U.S. News

Higher rates of depression linked to mortgage woes-study

(Reuters) - Adults who have fallen behind on mortgage payments exhibited higher rates of depression and are skipping meals and medications because they cannot pay the bills, a study published on Thursday found.

More than 20 percent of adults over age 50 who were delinquent on a mortgage developed elevated depression symptoms compared to 3 percent of non-delinquent peers, the study published in the American Journal of Public Health found.

The study tracked a sample of older homeowners who were more than two months behind on mortgage payments for two years to evaluate their health status.

In addition to showing signs of depression, adults facing mortgage default or foreclosure were also more likely to have trouble paying for food and medication, research showed.

The inability to pay for food and medicine also could lead to health consequences for spouses and children.

These short-term problems will likely contribute to more serious long-term adverse health effects, researchers said.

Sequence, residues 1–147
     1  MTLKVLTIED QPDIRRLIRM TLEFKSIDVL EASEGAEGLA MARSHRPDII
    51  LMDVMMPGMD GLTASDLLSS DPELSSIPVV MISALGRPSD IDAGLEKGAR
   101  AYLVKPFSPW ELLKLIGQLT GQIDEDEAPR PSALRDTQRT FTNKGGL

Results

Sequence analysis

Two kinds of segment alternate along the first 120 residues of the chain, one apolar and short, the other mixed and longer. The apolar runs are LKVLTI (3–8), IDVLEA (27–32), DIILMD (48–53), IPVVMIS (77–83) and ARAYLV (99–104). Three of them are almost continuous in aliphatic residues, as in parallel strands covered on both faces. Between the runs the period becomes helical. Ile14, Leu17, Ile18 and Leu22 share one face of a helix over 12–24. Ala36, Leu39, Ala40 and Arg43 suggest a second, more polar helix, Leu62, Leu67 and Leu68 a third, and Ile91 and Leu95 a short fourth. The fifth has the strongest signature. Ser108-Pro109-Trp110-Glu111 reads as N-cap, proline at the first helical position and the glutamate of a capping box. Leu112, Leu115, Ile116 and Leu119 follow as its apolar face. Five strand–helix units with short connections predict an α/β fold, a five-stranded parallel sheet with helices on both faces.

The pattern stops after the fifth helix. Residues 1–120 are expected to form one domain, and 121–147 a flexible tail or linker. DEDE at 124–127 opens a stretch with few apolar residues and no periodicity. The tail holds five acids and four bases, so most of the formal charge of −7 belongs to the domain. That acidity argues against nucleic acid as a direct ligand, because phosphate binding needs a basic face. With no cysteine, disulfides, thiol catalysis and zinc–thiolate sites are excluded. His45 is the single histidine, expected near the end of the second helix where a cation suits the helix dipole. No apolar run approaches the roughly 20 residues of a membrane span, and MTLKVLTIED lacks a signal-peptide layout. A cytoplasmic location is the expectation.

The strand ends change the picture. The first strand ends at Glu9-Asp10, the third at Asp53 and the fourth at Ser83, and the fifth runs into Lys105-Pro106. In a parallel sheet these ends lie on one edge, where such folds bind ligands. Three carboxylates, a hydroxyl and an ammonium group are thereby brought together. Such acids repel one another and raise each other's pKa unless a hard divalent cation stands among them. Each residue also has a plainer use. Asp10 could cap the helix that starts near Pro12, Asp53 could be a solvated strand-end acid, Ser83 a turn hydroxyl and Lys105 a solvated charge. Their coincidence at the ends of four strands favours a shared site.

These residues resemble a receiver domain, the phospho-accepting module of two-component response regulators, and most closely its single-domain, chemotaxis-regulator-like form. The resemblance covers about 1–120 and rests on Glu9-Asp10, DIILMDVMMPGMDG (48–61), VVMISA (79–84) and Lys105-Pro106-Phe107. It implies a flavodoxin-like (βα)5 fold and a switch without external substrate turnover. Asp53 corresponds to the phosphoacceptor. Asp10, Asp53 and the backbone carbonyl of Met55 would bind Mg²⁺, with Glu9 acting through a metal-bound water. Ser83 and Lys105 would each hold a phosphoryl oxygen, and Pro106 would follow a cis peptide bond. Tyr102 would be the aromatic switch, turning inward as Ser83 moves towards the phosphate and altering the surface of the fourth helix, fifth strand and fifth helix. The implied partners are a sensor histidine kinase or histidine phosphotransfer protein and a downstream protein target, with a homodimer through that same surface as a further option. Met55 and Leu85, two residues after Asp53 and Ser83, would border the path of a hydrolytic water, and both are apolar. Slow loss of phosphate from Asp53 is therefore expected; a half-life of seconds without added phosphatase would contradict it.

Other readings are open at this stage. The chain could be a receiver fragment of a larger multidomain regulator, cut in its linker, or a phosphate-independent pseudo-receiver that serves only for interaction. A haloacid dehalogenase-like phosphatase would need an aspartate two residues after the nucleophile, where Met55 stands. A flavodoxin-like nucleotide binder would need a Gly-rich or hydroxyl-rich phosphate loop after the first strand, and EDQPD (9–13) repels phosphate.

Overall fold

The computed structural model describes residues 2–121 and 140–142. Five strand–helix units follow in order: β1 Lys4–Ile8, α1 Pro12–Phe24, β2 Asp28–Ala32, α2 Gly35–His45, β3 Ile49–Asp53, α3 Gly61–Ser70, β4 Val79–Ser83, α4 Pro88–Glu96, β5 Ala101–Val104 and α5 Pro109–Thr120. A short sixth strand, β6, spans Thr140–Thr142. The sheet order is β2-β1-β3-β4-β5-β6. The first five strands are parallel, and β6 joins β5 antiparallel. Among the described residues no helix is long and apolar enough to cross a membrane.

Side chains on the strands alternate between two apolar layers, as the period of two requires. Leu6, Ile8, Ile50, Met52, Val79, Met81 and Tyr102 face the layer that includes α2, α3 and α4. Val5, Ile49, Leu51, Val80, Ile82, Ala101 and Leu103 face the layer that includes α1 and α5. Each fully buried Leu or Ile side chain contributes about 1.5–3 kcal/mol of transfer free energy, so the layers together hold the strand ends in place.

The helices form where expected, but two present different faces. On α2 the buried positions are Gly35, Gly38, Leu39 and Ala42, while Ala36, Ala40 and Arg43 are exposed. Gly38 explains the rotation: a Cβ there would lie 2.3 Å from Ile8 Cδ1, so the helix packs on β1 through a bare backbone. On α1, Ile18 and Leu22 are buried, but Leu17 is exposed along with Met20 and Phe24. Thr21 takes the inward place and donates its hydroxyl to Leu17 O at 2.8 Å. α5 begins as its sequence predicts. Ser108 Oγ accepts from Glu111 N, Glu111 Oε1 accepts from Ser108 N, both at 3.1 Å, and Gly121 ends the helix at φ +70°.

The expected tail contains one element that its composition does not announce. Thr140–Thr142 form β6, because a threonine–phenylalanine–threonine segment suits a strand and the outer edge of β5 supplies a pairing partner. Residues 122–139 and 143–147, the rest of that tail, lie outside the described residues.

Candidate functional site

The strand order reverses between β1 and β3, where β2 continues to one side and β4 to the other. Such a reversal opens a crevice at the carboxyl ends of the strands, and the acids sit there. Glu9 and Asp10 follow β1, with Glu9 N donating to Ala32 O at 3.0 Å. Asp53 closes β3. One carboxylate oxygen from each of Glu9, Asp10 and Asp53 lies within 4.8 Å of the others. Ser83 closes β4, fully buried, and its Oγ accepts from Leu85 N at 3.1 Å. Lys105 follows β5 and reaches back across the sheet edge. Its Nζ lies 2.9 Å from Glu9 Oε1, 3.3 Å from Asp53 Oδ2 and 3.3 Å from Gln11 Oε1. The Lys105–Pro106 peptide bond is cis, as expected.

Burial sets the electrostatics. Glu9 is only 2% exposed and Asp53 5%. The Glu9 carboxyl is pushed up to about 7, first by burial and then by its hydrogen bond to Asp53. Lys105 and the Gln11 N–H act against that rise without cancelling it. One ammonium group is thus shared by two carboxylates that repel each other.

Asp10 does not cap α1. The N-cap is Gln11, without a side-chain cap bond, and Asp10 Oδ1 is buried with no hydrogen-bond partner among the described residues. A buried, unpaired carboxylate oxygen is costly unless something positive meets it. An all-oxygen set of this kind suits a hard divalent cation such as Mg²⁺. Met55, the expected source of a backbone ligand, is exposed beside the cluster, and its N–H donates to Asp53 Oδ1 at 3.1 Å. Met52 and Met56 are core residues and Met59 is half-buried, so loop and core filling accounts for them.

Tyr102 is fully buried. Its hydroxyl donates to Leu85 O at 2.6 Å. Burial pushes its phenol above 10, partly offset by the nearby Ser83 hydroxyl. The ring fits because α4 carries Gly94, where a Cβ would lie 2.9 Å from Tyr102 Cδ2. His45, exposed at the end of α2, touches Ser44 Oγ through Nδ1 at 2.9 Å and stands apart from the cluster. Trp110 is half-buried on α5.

“It’s not just about money,” said Carolyn Cannuscio, a study co-author and University of Pennsylvania researcher.

“It’s about human lives and human health and it’s about how our society is going to recover from this major disruption to the places we call home,” she said.

Researchers worry health disparities will grow particularly among Hispanic and African-American homeowners as a result of the housing crisis.

Cannuscio said both groups were already disadvantaged in terms of health before the real estate meltdown.

Adults facing foreclosure are likely to experience a host of other health problems, Cannuscio said.

A related study from a similar group of authors showed a majority of adults facing default or foreclosure in Nevada, California, Florida and Arizona were plagued by high rates of fatigue, back pain, nausea and trouble sleeping, she said.

In a separate survey of mortgage counselors, nearly 70 percent said many of their clients were depressed or lacked hope.

Nearly a third of those counselors said they had worked with someone in the last month who had contemplated suicide or self harm.

Reporting by Lauren Keiper; Editing by David Bailey